As a patient, you may have heard of precision medicine or personalized health care. It’s an approach that generally means studying the molecular or genomic characteristics of cancer and using that to develop a plan for that particular patient, and it’s bearing fruit for in a variety of ways.

The latest treatments

For example, the ability to look at the molecular profile of a breast cancer tumor helps provide a better course of treatment. The genomic profile of the tumor is a better predictor of outcomes than a clinical assessment of the patient.

“That information can be used, for example, to identify which group of women can probably safely omit agentive chemotherapy and have a positive outcome,” notes Richard Schilsky, M.D., Chief Medical Officer for the American Society of Clinical Oncology.

Furthermore, precision medicine can be used to identify mutations in tumors that help pinpoint a particular therapy that can benefit the patient.

“Where there is a well-defined genomic target and where there is a targeted therapy that hits that target, the outcome for that patient is typically better than conventional therapy,” says Dr. Schilsky. “There’s been progress in several cancers including [non-small cell] lung cancers, melanoma and many other kinds of cancer.”

Interestingly, there have also been breakthroughs such as using successful breast cancer therapies to address stomach cancer.

“Patients should ask whether there are any genomic or molecular tests that can be performed on their tumor to guide the therapy plan.”

The other element of precision medicine gaining attention is the use of genomic profiling tests that measure multiple genes at a time. This provides a ray of hope for those with advanced cancer where standard treatment options aren’t feasible. Precision medicine can uncover a treatment that wasn’t previously considered.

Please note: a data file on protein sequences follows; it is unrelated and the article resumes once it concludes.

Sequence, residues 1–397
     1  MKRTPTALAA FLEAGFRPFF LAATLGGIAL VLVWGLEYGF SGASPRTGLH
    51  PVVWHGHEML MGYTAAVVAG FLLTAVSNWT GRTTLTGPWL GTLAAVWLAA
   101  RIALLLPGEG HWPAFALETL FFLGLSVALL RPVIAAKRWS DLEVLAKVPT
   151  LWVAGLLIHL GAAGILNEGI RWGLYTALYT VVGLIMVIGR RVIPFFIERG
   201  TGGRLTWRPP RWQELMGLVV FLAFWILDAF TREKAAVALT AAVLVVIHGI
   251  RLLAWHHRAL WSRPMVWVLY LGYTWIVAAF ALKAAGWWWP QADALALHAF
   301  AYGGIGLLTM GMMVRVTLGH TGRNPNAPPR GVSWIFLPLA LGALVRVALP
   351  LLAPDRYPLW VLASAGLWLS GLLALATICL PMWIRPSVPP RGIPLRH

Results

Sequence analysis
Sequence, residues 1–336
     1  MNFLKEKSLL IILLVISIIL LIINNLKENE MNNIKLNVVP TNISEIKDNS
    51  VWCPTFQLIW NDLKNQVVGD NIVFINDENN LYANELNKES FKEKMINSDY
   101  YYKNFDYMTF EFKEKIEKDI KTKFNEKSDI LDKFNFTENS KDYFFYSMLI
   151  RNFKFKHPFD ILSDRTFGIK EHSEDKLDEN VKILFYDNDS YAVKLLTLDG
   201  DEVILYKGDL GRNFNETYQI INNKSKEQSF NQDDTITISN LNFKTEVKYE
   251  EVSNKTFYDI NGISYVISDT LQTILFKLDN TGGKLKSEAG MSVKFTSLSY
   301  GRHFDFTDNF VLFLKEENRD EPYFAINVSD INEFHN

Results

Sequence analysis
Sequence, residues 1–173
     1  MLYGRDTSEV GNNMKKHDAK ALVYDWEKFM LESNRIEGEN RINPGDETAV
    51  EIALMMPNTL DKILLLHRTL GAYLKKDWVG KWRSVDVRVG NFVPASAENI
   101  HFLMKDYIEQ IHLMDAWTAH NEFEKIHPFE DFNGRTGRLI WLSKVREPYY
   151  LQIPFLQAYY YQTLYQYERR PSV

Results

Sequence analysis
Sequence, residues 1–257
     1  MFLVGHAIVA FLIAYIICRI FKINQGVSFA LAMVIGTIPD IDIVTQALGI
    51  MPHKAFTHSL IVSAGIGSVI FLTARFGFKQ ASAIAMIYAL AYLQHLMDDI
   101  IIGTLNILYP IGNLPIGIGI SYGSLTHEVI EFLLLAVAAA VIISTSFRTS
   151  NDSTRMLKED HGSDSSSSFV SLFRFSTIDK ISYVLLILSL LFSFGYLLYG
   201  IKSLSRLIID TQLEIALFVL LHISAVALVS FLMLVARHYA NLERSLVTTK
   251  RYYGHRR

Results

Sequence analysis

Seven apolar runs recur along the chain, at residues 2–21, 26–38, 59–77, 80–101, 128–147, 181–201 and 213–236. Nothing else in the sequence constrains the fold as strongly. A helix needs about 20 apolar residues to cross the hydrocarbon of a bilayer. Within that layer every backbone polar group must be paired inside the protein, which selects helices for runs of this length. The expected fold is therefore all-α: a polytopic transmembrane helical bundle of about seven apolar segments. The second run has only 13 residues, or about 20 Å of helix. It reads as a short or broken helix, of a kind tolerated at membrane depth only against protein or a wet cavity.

Patient involvement

The course of action you or a loved one should take after a cancer diagnosis to ensure the right course of treatment.

First and foremost, you must ensure the diagnosis is correct. This is critical in the case of a rare or unusual cancer. A diagnosis is key because everything follows from that, says Dr. Schilsky. “The best chance of favorable outcome is getting the initial therapy right.”

Patients should ask whether there are any genomic or molecular tests that should be performed on their tumor to guide the therapy plan.

Comprehending the stage of cancer and the general prognosis, although difficult, is paramount. Patients need to know from the start if their disease is curable or if the goal is to prolong survival and preserve quality of life.

Clinical trials are also an option. Patients can sign up for trials right after diagnosis and should not be considered a treatment of last resort.

Dr. Schilsky adds that sharing of medical records is also crucial for future cancer treatments. Previously, most data was obtained from clinical trials, which only represent 5 percent of the population. “We have so many questions and we are going to need to rely on what’s happening in clinical practice to fill in the gaps in our knowledge,” he concludes.